March 02, 2017

Under the Umbrella

Written by Catherine Buquet
Illustrated by Marion Arbona
Translated by Erin Wood
Pajama Press
978-1-77278-016-1
32 pp.
Ages 4-8
March 2017


If Under the Umbrella proves anything, it's that there's always a little sunshine associated with the gloominess of rain if you just open your eyes to see beyond the umbrellas.
From Under the Umbrella 
by Catherine Buquet 
illus. by Marion Arbona
A grumbling man dashes through the streets of the town, bracing himself and his umbrella against the sleeting rain.  The man’s suit and umbrella seem as colourless as he is, the only colour the pink of his  raw hands.  He is wet, he is cold and he is late.  It’s not surprising that the older man does not see the young boy mesmerized by the edible treats glowing from within a bright and warm inviting shop.  But when the wind hurls the man’s umbrella away, the rosy-cheeked little boy retrieves it for the man who shows his gratitude with a red rhubarb-raspberry tart. That delightful treat brings the two into a shared experience that takes the chill off the weather for the two unlikely friends.  
From Under the Umbrella
by Catherine Buquet 
illus. by Marion Arbona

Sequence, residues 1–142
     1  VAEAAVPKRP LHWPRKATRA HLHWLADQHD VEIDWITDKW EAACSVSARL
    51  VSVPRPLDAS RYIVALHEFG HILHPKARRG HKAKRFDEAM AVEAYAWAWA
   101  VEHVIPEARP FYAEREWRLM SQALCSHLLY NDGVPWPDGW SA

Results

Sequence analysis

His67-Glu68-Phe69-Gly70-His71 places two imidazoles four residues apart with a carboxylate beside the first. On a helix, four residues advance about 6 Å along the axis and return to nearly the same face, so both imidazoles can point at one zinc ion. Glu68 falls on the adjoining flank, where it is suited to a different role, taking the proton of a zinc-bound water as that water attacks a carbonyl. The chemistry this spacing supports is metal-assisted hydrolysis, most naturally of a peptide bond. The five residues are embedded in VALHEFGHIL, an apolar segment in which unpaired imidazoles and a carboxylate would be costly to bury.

Under the Umbrella was first published in French as Sous le parapluie (Les 400 coups, 2016) and garnered much attention for its simple but restorative story told with the pencil and gouache illustrations of Marion Arbona, the artist behind numerous French-language books like Arachnéa and English-language picture books The Good Little Book and Sam’s Pet Temper.  Catherine Buquet’s text suggests a darkness to the man’s trek in the rain, using words like "grumbled", "growled", "muttered", "attacked", "forced", and “With striding feet and stormy heart” (pg. 15), making it evident that the man’s mood is as foul as the weather.  Yet when she introduces the boy who is “entranced” “at a warm and glowing window” and uses words like “gazes”, “the wonders”, “delight”, “shimmered” and “treat”, the atmosphere changes completely, though the rain continues to fall.  What a great lesson in word choice for older readers and writers to witness the impact vocabulary has on atmosphere.  Marion Arbona’s artwork conforms to that climate, using dusky greys and sharp angles for the dreary scenes  while shining bright yellows and reds and pinks within the patisserie and then upon the two as they savour a shared treat.  The interaction between the balding older man in the pin-striped suit and the little boy in cap and short pants is fleeting but colossal in its momentary importance.  I’m glad the boy was taking the time to enjoy the visual display and that the man took the time to acknowledge the boy.  It’s a small thing, but it’s a good thing.

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